substance concentration


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Related to substance concentration: molar concentration, millimolar

substance concentration

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The amount of a specified material or the amount of substance (measured in moles) in the total volume of a system.
See: mass concentration
See also: concentration
References in periodicals archive ?
Active substance concentrations are normally about 70-90% by weight.
These levels coincide with increases in the availability of green forage plants, which have high mineral and organic substance concentrations (potassium- estimated maximum of 25 g/kg of dry matter; calcium--estimated maximum of 11 g/kg of dry matter; magnesium--estimated maximum of 3 g/kg of dry matter; phosphorus--estimated maximum of 2.5 g/ kg of dry matter; and, protein--estimated maximum of 25 g/kg of dry matter).
Testing lower substance concentrations would indicate specific hazardous levels.
Information about the substances used to determine the BR for each test method, the number of experimental runs conducted and the substance concentrations used is provided in Appendix 1, Tables S1.1-S1.4 in the supplementary file at doi:10.14573/altex.1606271s.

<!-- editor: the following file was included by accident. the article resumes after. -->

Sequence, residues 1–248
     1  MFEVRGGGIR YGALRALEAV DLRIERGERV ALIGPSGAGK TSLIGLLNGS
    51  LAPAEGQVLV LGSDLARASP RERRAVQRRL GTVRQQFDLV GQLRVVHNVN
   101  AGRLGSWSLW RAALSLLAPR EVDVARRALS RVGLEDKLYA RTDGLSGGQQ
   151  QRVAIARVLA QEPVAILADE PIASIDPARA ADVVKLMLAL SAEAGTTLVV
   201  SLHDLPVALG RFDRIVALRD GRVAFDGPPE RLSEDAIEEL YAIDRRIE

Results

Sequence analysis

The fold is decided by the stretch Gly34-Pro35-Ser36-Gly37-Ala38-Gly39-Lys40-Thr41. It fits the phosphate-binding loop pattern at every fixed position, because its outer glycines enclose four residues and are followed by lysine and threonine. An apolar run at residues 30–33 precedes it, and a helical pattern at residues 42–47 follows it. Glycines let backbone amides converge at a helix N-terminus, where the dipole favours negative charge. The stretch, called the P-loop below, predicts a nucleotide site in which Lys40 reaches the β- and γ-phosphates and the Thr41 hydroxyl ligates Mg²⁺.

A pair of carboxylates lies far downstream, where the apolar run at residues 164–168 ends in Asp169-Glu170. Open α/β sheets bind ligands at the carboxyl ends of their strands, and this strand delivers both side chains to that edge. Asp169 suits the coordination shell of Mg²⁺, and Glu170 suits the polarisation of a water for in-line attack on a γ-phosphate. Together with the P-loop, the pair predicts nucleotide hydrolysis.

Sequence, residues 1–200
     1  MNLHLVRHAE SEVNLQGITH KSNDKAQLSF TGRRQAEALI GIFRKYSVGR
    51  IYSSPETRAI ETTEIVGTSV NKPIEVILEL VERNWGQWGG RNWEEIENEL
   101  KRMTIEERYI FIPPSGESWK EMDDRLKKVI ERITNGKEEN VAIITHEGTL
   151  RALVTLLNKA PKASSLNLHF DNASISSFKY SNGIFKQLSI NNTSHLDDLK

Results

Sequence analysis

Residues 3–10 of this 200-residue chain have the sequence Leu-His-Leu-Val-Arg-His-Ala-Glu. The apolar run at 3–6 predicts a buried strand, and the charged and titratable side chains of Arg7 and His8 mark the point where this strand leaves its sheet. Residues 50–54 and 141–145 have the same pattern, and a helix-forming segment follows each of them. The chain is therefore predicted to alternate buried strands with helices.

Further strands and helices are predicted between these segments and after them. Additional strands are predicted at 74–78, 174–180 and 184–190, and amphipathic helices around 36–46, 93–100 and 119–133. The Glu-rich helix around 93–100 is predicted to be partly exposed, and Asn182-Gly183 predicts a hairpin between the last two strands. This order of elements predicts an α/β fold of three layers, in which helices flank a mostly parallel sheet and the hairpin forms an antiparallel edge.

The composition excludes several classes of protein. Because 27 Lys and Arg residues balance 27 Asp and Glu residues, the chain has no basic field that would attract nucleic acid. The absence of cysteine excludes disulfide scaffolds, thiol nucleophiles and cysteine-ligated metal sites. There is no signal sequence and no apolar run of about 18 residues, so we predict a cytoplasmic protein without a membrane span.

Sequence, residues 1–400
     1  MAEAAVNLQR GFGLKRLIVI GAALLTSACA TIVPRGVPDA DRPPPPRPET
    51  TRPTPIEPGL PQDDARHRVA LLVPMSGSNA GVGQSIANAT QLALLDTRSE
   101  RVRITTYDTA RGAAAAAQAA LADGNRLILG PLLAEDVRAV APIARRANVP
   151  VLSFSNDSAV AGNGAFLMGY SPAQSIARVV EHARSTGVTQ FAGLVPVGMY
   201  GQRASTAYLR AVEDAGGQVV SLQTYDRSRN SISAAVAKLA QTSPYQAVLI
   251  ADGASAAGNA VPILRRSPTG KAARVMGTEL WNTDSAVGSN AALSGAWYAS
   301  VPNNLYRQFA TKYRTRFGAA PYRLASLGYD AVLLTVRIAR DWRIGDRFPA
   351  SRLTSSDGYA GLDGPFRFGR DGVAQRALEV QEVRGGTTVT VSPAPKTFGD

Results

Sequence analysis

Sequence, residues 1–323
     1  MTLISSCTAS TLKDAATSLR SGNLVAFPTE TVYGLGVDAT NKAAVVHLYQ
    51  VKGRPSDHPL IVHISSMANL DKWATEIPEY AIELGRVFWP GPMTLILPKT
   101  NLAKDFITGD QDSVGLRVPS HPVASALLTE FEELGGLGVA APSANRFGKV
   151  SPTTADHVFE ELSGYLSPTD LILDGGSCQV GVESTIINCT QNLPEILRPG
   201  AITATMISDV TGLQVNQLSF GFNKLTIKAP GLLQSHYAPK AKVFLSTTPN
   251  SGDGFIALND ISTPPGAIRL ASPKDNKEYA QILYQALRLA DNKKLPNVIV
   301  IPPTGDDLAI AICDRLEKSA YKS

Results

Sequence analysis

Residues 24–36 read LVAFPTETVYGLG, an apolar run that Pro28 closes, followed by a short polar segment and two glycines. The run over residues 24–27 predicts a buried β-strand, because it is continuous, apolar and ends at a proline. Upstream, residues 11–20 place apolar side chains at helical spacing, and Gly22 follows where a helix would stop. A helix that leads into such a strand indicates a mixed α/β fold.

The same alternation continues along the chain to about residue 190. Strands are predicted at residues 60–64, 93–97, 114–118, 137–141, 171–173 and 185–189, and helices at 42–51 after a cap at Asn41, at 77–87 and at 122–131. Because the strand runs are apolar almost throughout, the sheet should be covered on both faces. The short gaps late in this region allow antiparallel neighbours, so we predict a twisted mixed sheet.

This means that comparing concentrations of the three molecules is difficult, requiring several assumptions and relatively complex calculations to obtain the values in substance concentrations (9).
Other aims were to introduce a uniform nomenclature, to prepare new standards, and to assign values to these in substance concentrations (mol/L).
Because amino acid analysis reflects the molar content of protein, it would be advisable to start using substance concentrations (mol/L) for hK2 as has been done with the recently issued WHO standards for chorionic gonadotropin (7).
Because substance concentrations were not normally distributed, the Mann-Whitney U-test, Wilcoxon rank-sum test, or the Kruskal-Wallis test was used when appropriate.

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